“Baptists and Sunday Statutes” American Sentinel 10, 29, pp. 227, 228.

THE following from a standard publication of the Baptist Church states clearly the position which that church has held from the days of Roger Williams, against a union of Church and State in general, and compulsory Sunday observance in particular:—

The duty of the civil magistrate in regard to the observance of the Lord’s day.

Christ said (John 18:36): “My kingdom is not of this world: if my kingdom were of this world, then would my servants fight, that I should not be delivered to the Jews: but now is my kingdom not from hence.” Here Christ refuses to employ physical force. His kingdom is not of this world: and civil laws and [228] the force of the magistrate are not the means to promote its advancement. It is a kingdom of truth and love, because each man is a free moral agent under the government of God, he is accountable to God. This personal accountability to God carries with it the right of every man to decide for himself his religious belief and his worship. With these the State has no right to interfere. These rights of conscience are inalienable. For the protection of these, with other inalienable rights, States are organized, civil laws enforced, and magistrates elected. So far as religion is concerned, the sphere of the State is described in one word—PROTECTION….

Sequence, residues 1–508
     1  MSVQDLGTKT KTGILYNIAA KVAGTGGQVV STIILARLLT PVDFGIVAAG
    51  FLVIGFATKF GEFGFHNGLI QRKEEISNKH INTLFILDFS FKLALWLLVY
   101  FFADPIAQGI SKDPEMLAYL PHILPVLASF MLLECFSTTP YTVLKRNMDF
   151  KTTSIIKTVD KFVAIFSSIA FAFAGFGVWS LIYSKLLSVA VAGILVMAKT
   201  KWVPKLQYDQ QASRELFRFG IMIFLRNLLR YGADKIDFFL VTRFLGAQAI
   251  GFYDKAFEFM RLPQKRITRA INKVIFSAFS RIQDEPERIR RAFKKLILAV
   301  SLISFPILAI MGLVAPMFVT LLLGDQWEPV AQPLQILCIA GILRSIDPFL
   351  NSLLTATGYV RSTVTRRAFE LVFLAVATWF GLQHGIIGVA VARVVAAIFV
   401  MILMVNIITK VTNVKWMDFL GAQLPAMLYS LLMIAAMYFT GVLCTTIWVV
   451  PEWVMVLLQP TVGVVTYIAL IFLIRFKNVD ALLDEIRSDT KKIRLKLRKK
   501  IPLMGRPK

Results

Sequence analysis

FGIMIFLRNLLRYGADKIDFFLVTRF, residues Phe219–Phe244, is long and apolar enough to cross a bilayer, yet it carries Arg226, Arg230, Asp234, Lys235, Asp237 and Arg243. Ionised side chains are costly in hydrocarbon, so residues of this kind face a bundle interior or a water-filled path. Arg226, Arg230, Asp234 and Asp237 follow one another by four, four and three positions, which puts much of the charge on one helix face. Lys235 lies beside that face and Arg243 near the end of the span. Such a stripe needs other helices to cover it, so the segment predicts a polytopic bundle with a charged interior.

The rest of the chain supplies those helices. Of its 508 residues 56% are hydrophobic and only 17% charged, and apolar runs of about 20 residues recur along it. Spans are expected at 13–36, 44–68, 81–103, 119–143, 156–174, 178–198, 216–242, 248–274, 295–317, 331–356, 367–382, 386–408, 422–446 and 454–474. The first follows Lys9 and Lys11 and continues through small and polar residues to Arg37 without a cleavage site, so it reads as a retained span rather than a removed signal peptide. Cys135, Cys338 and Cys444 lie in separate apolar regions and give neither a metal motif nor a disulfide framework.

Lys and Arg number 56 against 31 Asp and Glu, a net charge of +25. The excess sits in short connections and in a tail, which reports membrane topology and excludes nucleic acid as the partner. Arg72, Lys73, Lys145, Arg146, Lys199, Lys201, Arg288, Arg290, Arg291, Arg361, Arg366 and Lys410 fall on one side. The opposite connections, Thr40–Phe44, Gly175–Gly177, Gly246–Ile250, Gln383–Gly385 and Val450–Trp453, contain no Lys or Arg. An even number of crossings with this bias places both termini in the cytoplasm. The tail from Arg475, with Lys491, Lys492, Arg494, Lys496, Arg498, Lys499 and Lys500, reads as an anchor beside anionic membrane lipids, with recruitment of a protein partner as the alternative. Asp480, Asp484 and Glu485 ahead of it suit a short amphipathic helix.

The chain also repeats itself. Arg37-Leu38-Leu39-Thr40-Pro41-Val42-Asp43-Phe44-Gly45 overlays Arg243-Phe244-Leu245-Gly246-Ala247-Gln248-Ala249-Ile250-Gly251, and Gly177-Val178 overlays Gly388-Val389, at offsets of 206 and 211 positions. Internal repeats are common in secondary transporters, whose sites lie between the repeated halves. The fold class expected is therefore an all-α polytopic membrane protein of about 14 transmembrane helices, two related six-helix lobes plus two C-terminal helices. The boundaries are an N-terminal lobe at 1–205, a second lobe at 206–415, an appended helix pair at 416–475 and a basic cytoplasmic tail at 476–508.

However much we may deprecate the demoralizing tendencies of Sunday theaters and concerts, games and excursions, and the sale of candies and fruits and newspapers on the Lord’s day, still we ask for legal restraint upon such things only in so far as they may directly interfere with public religious worship. As Christians, we ask of the State only protection in the exercise of our rights of conscience; and we will depend alone upon the truth of God and the Spirit of God to secure the triumph of Christianity. With an open field and a fair fight, Christianity is more than a match for the world, because “the foolishness of God is wiser than men.” 1 Corinthians 1:25. The almightiness of the Eternal God is in the cross. Hence Christ said: “And I, if I be lifted up from the earth, will draw all men unto me.”—“The Lords Day,” pp. 29-31, by D. Read, LL.D.; American Baptist Publication Society, 1420 Chestnut St., Philadelphia.

If the Baptist papers of the South would join with the Baptist Examiner, of New York and Philadelphia, in maintaining these principles, and in instructing their constituency therein, the persecutions of seventh-day observers in the South would be greatly diminished.

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